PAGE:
Measurement of cerebral oxygenation in neonates after vaginal delivery and cesarean section using full-spectrum near infrared spectroscopy

Comp Biochem Physiol A Mol Integr Physiol. 2002 May;132(1):133-8. doi: 10.1016/s1095-6433(01)00539-6.


To investigate whether or not the mode of delivery produces differences in cerebral oxygenation, cerebral hemoglobin oxygen saturation was measured using full-spectrum near infrared spectroscopy in 26 healthy term newborn infants immediately after birth. Infants in group 1 (n=20) were delivered vaginally, and those in group 2 (n=6) by elective cesarean section. Arterial oxygen saturation in the right hand was also measured simultaneously using a pulse oximeter. Changes in arterial oxygen saturation showed no significant difference between the two groups. The mean+/-S.D. of cerebral hemoglobin oxygen saturation in group 1 increased rapidly after birth, from 29+/-17% at 2 min to 68+/-6% at 8.5 min, followed by an almost constant value (66+/-7% at 15 min). In comparison, cerebral hemoglobin oxygen saturation in group 2 also increased rapidly until 8.5 min, but after this time decreased significantly to 57+/-5% at 15 min after birth. This indicates that the mode of delivery has a marked influence on cerebral oxygenation immediately after birth.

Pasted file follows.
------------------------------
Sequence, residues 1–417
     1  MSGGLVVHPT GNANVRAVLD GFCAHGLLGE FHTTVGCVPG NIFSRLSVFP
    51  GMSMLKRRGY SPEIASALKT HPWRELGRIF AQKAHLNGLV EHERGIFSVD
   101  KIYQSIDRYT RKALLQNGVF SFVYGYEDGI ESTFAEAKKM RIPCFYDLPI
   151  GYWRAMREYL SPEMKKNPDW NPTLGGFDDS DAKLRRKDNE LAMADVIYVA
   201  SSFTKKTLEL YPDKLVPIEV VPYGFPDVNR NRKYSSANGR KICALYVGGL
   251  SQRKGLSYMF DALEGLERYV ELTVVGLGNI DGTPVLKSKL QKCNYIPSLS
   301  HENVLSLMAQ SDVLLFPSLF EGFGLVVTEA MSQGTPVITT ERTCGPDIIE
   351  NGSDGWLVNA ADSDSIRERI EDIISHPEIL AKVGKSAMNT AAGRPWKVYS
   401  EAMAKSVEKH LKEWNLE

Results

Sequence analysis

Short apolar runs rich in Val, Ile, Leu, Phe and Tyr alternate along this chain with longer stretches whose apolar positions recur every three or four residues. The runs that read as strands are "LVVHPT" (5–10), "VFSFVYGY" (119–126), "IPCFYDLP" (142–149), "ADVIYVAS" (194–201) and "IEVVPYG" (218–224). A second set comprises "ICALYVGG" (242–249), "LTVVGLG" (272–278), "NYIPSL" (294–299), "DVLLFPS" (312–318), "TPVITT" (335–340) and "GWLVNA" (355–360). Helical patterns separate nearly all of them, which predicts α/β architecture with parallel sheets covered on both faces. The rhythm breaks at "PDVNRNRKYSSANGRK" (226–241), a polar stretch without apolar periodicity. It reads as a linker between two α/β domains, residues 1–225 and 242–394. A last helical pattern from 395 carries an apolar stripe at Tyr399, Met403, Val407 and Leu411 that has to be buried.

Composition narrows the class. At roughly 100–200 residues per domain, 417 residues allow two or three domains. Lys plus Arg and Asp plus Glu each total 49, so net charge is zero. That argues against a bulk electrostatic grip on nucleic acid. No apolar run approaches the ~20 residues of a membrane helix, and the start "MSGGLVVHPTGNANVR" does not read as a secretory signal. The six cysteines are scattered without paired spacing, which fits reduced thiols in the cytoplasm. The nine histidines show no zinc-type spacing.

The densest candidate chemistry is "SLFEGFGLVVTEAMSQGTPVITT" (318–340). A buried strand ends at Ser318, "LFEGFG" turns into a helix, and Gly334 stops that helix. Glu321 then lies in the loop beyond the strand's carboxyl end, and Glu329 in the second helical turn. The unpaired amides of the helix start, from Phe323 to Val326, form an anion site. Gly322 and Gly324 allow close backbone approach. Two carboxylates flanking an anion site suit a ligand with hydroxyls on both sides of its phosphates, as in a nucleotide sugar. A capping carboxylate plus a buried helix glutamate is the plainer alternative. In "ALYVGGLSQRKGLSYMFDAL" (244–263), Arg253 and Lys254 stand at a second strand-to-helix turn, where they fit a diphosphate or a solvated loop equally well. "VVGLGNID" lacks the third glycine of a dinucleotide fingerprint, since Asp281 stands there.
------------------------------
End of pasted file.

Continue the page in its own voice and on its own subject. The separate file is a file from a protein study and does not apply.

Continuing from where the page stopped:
Publication types

  • Comparative Study
  • Research Support, Non-U.S. Gov't

MeSH terms

  • Cesarean Section*
  • Delivery, Obstetric*
  • Humans
  • Infant, Newborn / metabolism*
  • Oxygen / analysis*
  • Spectroscopy, Near-Infrared / methods*
  • Telencephalon / blood supply
  • Telencephalon / metabolism*
  • Time Factors


  • Oxygen